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William Sharps (Ph.D., Harvard, 1844) sat in the dining room of the Coroana de Aur hotel in Bistriţa and listened to two men plotting to kill him.

Sharps was dining alone. He was the only American in the room, and possibly the only man who spoke English as a native tongue for a hundred miles in any direction. The whispered conversation between the two would-be murderers was in an Ural-Altaic dialect. Everyone else in the room appeared to be speaking Romanian, German, or Croat.

The language was what had first caught Sharps's interest. The second point was how clear the conversation was. When he glanced around the room, pretending to savor his glass of quite execrable mead, he noted that the two men whom he presumed to be the speakers were seated in a far corner, their heads together, speaking in low tones. He supposed that the geometry of the room made it into a whispering gallery, like that of St. Paul's Cathedral in London.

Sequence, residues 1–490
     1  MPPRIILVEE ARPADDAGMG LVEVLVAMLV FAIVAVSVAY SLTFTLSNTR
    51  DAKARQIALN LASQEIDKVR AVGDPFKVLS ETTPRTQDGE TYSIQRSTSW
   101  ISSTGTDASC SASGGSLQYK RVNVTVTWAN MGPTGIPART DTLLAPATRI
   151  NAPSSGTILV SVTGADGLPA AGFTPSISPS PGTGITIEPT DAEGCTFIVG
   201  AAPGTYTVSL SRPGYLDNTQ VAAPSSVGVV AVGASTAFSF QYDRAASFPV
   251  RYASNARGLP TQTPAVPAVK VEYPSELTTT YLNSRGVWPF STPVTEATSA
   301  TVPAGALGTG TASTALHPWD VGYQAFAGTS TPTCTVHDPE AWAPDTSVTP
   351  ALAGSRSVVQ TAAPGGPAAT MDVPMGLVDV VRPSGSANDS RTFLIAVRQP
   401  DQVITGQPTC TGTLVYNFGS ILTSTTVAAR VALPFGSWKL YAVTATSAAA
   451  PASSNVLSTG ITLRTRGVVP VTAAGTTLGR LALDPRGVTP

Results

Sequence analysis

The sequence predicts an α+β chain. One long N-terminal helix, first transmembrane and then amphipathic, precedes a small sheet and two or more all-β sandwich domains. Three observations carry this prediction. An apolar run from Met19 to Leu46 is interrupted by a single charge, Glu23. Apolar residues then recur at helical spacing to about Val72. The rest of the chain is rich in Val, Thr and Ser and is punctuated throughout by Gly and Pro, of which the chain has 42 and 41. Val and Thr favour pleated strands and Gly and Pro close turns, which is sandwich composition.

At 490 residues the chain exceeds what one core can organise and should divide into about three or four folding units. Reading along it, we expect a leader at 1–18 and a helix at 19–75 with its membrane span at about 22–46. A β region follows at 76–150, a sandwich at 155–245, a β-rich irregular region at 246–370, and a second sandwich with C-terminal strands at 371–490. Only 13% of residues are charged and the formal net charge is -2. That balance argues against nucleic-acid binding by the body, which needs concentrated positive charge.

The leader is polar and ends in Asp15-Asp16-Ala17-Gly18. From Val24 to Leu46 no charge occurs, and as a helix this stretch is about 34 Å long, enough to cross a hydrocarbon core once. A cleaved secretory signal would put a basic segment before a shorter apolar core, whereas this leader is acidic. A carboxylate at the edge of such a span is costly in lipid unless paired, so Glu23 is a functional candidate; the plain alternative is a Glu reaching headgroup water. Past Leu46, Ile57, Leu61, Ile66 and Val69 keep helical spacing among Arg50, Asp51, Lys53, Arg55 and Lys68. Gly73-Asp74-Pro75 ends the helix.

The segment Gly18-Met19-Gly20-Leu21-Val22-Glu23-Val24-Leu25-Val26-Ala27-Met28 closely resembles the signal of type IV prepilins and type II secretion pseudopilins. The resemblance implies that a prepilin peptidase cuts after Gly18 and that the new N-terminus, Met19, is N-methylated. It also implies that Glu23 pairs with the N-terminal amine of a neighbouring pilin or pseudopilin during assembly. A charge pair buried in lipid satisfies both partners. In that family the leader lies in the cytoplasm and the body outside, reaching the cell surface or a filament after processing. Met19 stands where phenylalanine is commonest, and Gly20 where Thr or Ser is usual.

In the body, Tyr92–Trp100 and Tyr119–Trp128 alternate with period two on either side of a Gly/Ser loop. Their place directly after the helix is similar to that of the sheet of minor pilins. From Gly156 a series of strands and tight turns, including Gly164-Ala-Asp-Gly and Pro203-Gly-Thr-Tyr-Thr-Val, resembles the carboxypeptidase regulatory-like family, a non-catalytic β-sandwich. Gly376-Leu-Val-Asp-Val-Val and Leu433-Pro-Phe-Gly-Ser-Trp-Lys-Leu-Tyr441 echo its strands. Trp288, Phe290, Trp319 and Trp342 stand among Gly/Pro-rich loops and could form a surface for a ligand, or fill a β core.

He listened more closely. The speakers were referring to an unknown man, a traveler: Sharps noted that the word they used could equally refer to a stranger, a foreigner, or a slave. They were wondering how rich this foreigner was. They wondered if the crime (for they spoke of the foreigner's necessary death) would be better put off until the morrow; but they decided against this, for the foreigner would be away by the post and might slip beyond their grasp.

Sharps was himself planning to be away by the post. He had arrived by train from Vienna in the late afternoon, and, from Bistriţa, the way to the University of Brasov was best attempted by coach. Sharps carried letters of introduction from professors at the universities in Heidelberg and Köln. The library at Brasov housed a collection of arcane and metaphysical texts of high repute in scholarly circles; not so broad as the holdings of Wittenberg or Oxford, or of Arkham, but of great depth in the fields of Sharps's particular concern. Among the uncatalogued volumes in such a library, Sharps thought, he might well find the ur-text of the Liber Pallidus, the so-called Grey Book, which his researches had convinced him must, in fact, vary significantly from the Aldine Press edition of 1501, as well as from extant manuscript sources.

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